After a busy summer at Roger Smith Hotel, our intern—and chef extraordinaire—Simon is heading home to Denmark. But before he leaves, he’s sharing his pro-tips and a recipe for a perfect fall soup.
We’ll miss you, Simon!
I’ve worked as a chef at various establishments, both in Denmark and Spain, including at Michelin-starred and most noteworthy, La Sucursal in Valencia, but I wanted to move on and add a hospitality management degree to my resume. The degree program also required at least 3 months of hands-on experience in the hotel industry. When the opportunity arose to join Roger Smith’s managerial program here in New York, I of course couldn’t decline!
I’m not sure of any specific moment in the kitchen per se, but I do remember the contrast between my parents’ cooking, which was a deciding factor to enter culinary school after high school. My mother’s cooking was, and still is awful (sorry mom!). A lot of frozen vegetables and no real desire for actually cooking a meal, more a chore that had to be finished. My father on the other hand was very much into cooking, and would take pride in creating a meal and choosing different food and exploring. That skillset really fascinated me—that, and the fact that I wanted to be able to cook better food than my mother pushed me into the kitchen.
Its ability to be a universal language! No matter where you go in the world and how different we all are, food will always be a building bridge. I love the endless possibilities of creation, the way you can immerse into a specific thing, style, region, and technique, and then make it yours.
Tokyo! Without any doubt one of the craziest places—and in such a good way—not only food-wise but on every parameter. It’s a place with so much emphasis on technique, old traditions and craftsmanship.The way they use umami in the kitchen and a different approach of salting through soy-based products, is something I have adapted very heavily.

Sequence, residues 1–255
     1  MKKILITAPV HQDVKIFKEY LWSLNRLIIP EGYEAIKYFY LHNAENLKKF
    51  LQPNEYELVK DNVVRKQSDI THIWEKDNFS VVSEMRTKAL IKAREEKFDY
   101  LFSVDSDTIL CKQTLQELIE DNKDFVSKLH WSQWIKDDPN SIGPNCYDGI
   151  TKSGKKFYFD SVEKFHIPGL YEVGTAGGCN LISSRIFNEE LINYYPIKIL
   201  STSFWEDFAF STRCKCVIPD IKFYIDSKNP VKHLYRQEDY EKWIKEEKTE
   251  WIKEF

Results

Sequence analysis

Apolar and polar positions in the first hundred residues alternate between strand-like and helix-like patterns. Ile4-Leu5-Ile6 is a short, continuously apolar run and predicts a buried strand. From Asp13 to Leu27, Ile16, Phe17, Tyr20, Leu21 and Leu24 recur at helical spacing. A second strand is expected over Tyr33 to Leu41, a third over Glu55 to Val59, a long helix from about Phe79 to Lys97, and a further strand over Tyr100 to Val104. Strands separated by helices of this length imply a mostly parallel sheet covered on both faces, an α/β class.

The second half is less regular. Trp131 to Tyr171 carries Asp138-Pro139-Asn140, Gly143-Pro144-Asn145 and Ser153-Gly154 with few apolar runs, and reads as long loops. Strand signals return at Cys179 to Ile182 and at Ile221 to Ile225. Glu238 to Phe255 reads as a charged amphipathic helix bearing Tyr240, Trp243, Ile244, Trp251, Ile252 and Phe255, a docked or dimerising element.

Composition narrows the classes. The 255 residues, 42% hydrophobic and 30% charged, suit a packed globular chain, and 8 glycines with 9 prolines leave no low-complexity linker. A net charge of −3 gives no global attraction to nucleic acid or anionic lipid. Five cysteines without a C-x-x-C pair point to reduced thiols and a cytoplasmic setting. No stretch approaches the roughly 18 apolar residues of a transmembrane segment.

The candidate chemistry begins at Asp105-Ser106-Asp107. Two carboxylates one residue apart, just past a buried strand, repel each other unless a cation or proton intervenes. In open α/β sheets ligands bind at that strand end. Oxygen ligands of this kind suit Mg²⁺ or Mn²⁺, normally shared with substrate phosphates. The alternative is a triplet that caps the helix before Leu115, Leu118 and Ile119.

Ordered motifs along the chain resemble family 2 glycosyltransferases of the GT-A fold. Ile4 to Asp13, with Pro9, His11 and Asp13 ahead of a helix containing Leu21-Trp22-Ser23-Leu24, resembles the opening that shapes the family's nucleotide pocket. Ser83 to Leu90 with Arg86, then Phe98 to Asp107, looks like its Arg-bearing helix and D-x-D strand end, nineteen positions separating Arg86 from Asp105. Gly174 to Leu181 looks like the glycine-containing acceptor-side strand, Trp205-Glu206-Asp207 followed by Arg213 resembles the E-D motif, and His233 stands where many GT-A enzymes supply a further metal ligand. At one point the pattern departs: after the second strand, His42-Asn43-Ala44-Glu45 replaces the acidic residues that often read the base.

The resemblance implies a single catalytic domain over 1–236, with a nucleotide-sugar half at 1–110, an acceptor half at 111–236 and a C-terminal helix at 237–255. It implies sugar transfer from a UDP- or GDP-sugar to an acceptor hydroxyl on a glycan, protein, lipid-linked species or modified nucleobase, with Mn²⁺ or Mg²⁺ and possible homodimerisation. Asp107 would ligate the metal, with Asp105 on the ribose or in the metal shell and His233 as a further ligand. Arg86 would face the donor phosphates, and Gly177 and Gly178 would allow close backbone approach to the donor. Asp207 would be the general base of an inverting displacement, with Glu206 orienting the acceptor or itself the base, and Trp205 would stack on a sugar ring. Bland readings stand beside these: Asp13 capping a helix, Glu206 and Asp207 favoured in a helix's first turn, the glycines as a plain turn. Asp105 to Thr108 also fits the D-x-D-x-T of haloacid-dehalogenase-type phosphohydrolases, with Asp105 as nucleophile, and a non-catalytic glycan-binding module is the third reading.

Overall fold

For me the true legend and my role model for good and bad, will always be Anthony Bourdain. Even though he is not a NYC-based chef anymore, he still deserves recognition for his no bull-shit approach to food. Also, David Chang is someone I follow a lot. The way he’s mixed American and Korean/Asian food, and his whole Momofuku concept is really exciting.
Last but not least I follow Ronny Emborg closely. A fellow Dane, he’s in charge of Atera here in NYC and bringing his unique style from Copenhagen to the Big Apple.
I went to this amazing Jewish deli in Greenpoint, Frankel’s Delicatessen. The sandwiches really hit me, Holy F! They were just so well-made and the meat had real craftsmanship to it.
On paper you would probably describe it as a mix of Nordic- and French- styled cooking, but in reality I mix as many genres as possible. I cook for the ultimate taste. I do have a soft spot for Asian cuisine. Furthermore I’m a firm believer in cooking with local and seasonal ingredients, using what’s around you and near you, in your gardens and forest.